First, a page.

It was an empowering experience. And if it could offer one student hope, it’s a job well done.

I stood on that very same stage where I once sang my little heart out and tied for first place at the School Talent Quest. The stage where I sang to my peer group at our graduation, and received a goosebumping standing ovation. Today I sang Hero in Me to the most appreciative audience. A song I would never have been brave enough to compose in high school. When the school applauded, it was like no applause I can ever recall. It echoed endlessly through the hall, and I felt their sincerity and enthusiasm as  I stood there, struggling to accept their humbling praise. I felt a sense of empowerment and pride. I was proud to have found the courage to reach beyond my comfort zone and stand before those young people as the true person I am today, and inspire them to become the true person they are.

It’s all gonna be ok, ey.

What was your high school experience?
Was there an experience that made you?
Was there an experience that broke you?
Where are you now? Who are you today?
Tell me a fond memory?
Did you also draw a mustache on your face with eyeliner in the 8th grade?
Who are you grateful to?

PRE-TOUR BLOG

Monday 7 May 2012

 

I’m about to head on tour for the launch of my new acoustic album “Little Treasures”. I thought I’d get a blog happening about the tour, wins and losses, emotions (ew!), and stories for a li’l inside into what happens on the road as a travelling musician. Hopefully inspire some aspiring touring artists and take ya’ll with me while I’m away.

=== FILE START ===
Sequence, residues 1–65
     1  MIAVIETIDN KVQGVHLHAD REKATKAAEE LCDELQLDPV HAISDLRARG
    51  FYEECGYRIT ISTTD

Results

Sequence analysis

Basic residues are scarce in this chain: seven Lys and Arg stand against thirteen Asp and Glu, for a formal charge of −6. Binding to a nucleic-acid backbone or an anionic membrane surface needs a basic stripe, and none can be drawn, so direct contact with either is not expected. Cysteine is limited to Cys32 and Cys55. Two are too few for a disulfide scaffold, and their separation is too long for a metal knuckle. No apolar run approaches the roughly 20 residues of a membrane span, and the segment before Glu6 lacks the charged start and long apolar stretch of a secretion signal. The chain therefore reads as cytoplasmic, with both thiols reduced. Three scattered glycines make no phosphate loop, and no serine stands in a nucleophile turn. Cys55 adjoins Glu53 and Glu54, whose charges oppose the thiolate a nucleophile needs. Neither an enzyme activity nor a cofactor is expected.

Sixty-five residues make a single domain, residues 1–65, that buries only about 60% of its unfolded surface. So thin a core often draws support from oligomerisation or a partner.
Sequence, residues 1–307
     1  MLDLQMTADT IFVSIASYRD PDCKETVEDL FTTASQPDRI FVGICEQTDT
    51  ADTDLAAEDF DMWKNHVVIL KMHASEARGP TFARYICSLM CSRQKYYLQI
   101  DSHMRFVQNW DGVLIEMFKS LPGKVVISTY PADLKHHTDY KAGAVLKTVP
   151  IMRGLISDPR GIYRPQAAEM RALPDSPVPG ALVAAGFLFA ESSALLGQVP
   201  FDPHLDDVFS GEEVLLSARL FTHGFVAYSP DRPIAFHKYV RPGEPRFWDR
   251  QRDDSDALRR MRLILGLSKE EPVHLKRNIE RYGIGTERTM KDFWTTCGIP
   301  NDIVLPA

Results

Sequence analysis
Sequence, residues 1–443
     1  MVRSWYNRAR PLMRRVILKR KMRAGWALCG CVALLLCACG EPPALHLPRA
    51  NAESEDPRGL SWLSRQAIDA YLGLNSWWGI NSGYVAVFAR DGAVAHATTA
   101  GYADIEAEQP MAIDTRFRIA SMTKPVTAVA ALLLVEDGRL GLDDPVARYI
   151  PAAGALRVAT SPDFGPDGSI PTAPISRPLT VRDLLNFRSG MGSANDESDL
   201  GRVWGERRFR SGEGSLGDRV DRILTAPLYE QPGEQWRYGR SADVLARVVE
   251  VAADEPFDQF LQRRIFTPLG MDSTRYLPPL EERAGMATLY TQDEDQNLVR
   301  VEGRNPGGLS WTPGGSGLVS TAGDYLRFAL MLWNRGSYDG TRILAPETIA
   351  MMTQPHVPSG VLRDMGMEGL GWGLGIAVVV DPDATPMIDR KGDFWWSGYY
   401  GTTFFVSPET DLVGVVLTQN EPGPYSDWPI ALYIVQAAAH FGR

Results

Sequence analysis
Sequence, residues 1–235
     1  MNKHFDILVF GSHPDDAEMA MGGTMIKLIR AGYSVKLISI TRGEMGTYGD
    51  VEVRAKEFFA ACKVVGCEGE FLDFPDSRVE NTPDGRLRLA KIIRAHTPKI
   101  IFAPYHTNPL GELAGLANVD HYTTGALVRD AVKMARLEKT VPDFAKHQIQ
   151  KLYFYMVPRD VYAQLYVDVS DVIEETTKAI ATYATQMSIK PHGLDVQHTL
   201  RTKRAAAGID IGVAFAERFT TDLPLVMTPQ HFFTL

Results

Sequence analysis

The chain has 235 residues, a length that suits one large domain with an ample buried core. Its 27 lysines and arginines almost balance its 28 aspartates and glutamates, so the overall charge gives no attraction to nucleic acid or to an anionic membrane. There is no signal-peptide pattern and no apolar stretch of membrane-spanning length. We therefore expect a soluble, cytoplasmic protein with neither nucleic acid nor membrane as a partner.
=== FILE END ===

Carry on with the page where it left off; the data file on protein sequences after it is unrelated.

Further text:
I leave tomorrow. I’ll be on the road in my little Yaris for a month, get back for a few weeks, then hit the road for another week. Driving all the way up to Brisbane and beyond, and back to Melbourne. It was going to be a solid two months on the road, including 3 weeks of recording in Sydney in the middle, but I decided to postpone recording to focus on the tour (what was I thinking starting ANOTHER new album before I’ve really launched this one! Keen pants or what???)

Continue Reading →

New Song: Big Bad World

When I was a young lass, one of my beautiful neighbours became my surrogate grandmother. I used to go over to her place to feed her chickens. We’d have tea and cookies (with about 4 sugars in my tea) and yarn the afternoon away. Sadly, in her final years she became quite senile, paranoid, and incredibly frightened of the world and its potential harm. She put up fences, walls and bars around her house, slowly closing herself in from the outside world, till she became a prisoner in her own home. Eventually she had a security camera installed on her front veranda and I used to have to ring the doorbell and smile sweetly into the camera before she let me enter her home. Continue Reading →